There’s also a lack of resources that equip leaders to address race and meanings of race with children at church. There are plenty of materials addressing cross-cultural missions, poverty, respecting the elderly, and helping those with different ability statuses. There’s even a growing number of resources on how to work with children from varying family arrangements. These might include children from single-parent households, blended households, and same-sex households.
Why Aren’t We Talking?
Racial tension has always been a part of history—from widespread slavery, to the Civil War, to Jim Crow and segregation, to the civil rights movement, to racial integration, to the removal of restrictive laws on interracial marriage, to the election of a black president.
Yet while we’ve come a long way in racial reconciliation as a country, we still have a long way to go. Recent events such as the mass shooting at the Emanuel African Methodist Episcopal Church in Charleston, South Carolina; the deaths of people such as Alton Sterling and Philando Castile and more; and the deaths of five police officers in Dallas have exposed the raw nerve of racial tensions in the United States. So why aren’t we talking more about race in children’s ministry?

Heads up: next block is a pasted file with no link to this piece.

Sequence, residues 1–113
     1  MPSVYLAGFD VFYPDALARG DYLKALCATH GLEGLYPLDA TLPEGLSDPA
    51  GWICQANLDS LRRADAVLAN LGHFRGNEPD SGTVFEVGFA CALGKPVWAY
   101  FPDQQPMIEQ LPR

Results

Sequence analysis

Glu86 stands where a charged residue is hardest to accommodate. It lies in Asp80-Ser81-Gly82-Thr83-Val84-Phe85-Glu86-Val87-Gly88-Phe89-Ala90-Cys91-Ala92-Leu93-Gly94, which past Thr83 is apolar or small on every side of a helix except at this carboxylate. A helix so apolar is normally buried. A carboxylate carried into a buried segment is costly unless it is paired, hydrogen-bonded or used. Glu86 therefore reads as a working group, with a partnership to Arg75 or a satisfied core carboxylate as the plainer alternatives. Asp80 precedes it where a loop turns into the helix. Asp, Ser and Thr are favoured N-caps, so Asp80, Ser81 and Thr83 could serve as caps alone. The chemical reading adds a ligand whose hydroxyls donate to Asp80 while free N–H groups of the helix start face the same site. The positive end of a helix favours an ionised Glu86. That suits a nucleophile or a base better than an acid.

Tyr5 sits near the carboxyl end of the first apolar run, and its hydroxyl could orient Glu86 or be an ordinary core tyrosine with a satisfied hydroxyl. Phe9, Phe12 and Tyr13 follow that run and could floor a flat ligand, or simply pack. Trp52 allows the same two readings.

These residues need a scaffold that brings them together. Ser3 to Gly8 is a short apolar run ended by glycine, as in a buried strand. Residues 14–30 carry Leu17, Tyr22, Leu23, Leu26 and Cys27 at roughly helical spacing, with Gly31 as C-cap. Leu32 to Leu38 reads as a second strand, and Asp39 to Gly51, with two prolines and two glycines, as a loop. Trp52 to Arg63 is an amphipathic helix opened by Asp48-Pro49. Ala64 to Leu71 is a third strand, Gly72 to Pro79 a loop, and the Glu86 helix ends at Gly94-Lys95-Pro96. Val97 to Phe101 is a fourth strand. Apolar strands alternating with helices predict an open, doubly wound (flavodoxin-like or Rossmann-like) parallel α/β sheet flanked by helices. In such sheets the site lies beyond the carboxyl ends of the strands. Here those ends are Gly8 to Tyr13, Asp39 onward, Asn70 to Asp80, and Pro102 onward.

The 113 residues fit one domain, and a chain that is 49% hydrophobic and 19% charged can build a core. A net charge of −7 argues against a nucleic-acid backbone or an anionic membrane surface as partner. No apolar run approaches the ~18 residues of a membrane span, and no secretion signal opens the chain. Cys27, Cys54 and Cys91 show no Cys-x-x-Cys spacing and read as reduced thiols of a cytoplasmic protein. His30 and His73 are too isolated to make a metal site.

While there’s no single, overarching answer to that question, what I have found in my research and conversations about children and race is that many of us don’t think it’s important or even appropriate to explicitly talk to children about race and racism. We believe children are “colorblind” and don’t see race or racial differences. Furthermore, we tend to believe shielding children from conversations about racial tensions and racism will maintain a child’s innocence surrounding race, prolonging their perceived colorblindness.